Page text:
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They are celebrating Spring with yellow flowers.

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The courtyard, still too cold for breakfasts.

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Even quiet, unseen little corners aren’t forgotten.

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The flower arranger, Jeff Leatham, is famous for his leaning flowers.

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I looked in the gift shop and saw a children’s book of triplets at the George V and saw that they also have plates with scenes from the book, sort of like Heloise at the Plaza.

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Yesterday I joined a friend for lunch. We started at Tsubami, a “Japanese bistro” and ended up at Miss Ko, an over the top Starck restaurant that we stumbled upon accidentally.

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Our lunch at Tsubami was served in these cute little bamboo containers.

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Here’s what was inside. It was very tasty. I liked the little vegetable sides. I thought the place was a little over-priced (or am I just cheap?) but it was packed with people and there were many there to pick up to go orders.

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Then we were on our way to the George V hotel for an exhibit that didn’t exist-we think it may be there in June-when I spotted some chairs outside a restaurant with fake fur on the backs. “Look at that,” I told my friend. She said, “Look at that entrance!” So we went in and were amazed at the interior. Starck is a famous designer who started that orange juicer that looked like an alien who then went on to designing just about anything you can think of including restaurants and hotels. This place is an oriental fusion sort of place with huge paintings of tatooed and naked women and cartoon characters. These umbrella lights were over a long line of tables. The place was huge extending back at what seemed a city block.

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There was also a long, long bar with TV screens showing news from Japan and a dragon went zooming by now and then. We decided to sit there and have a drink. Again, I thought it over-priced, but fun. They had bo bun on the menu, one of my favorites, at the cost of 22 Euros. I can get one for eight Euros at an authentic Thai place but you are paying for the atmosphere here and the location is right up the street from the George V, so there’s that.

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Our drink, a spiffed up iced tea with fruit juices.

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An enormous light fixture in the shape of a tea pot.

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There was a tiny little gift shop selling cute plates and these “glamorous” champagne bottles.

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Winter is late this year in Paris. In fact, I think it totally forgot to come, sort of like our guests for lunch yesterday. They are what we call an older (French)couple although, actually, they are our age. I wonder if we seem older to them. Anyway, I had asked another person to join us for lunch at noon and said guest arrived right on time. Thirty minutes passed and I started worrying because, like the Swiss, they always arrive dead on time. (We had a party once at our former place in Provence which included all of our neighbors. All of the French arrived 15 to 20 minutes late while the only Swiss couple on our street rang the doorbell on the dot announcing, “We’re Swiss! We’re always on time” They have all those clocks in Switzerland as you know.) I asked Maurice to call them because I knew something was up. He was reluctant but finally did when I suggested he call to see if they had our building codes. Sure enough, they thought our lunch was the next day. Instead of just cancelling, Maurice told them to come on. By then it was one o’clock and they live in the suburbs. I had already put my stuffed veggies (farci) into the oven and there was a little time left for them to cook, so I turned the oven off. Maurice went and bought another bottle of champagne because our other guest and I decided to start drinking and eating the munchies. An hour later, the couple arrived all breathless but bearing gifts-they always make me feel guilty and I have anxiety attacks when we go to their place trying to find something fun and original. So far, they have never given us the same thing twice, not even wine. Interestingly, this couple also brought along their house shoes. They took off their street shoes and put them on. Hmmm. Maurice does take off his street shoes when he gets home and switches to house shoes but he’s never taken them to someone else’s house when we go. I think a lot of Europeans change their shoes when they are home. I hardly ever do. My grandsons living in Switzerland have to change from street shoes to slippers when they go to school, at least in the younger grades. I suppose it keeps the floors cleaner. I have a cat so it’s a lost cause anyway. So, around 2:30 we sat down to a lunch of very well done farci. The vegetables had sort of gone very soft and fallen away from the stuffing but they tasted pretty good. I’m always a bit nervous when I cook for the French with all of those thousand of years of cooking tradition and Maurice had told the lady this so she told him for me just to serve a salad and a slice of ham. If I had done that, the late lunch would have been no problem. Oh well. They left at six. I went and crashed on the bed for a late nap and woke up with a champagne headache.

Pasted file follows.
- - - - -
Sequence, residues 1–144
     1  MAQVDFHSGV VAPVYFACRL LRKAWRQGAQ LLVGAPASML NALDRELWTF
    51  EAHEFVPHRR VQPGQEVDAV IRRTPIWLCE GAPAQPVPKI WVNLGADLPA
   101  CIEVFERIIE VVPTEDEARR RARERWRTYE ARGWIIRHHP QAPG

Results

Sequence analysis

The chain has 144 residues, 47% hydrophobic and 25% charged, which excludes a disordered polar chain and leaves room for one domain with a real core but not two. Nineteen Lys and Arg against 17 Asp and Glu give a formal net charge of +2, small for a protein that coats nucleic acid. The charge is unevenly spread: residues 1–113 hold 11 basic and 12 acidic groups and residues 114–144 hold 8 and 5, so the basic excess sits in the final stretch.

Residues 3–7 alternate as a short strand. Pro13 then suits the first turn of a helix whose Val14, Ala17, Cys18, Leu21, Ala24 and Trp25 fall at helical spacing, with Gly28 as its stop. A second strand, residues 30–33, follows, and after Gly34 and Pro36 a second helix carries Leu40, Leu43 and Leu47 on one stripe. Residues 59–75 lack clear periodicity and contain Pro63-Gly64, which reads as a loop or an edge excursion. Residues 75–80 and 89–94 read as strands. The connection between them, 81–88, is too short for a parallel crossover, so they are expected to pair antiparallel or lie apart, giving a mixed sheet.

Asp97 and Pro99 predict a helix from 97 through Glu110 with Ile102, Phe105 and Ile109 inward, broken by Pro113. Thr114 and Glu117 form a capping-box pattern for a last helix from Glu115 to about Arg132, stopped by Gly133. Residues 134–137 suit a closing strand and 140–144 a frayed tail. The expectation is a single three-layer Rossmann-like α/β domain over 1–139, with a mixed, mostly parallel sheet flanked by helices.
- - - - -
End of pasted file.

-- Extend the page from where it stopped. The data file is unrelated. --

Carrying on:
So, photos of Spring in the Luxembourg Gardens. I actually took these on the first day of Spring. It was sunny and warm enough not to need a coat but it was very windy-Spring arriving like a lion?

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Most of the statues there-except for the Statue of Liberty-are surrounded by flowers.

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Parisians, and some tourists too, facing the sun.

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The trees are getting leaves. They are almost always cut in this fashion in the parks.

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A look at the palace where the Senate meets. Every chair was taken to enjoy the sun but there was some sand blasting too from the wind that was blowing. I walked through the park holding my hair down.

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And, my word, look how they have the Pantheon covered up for renovations. I’ve never seen any place covered in such thick plastic. I’m sure there’s a reason.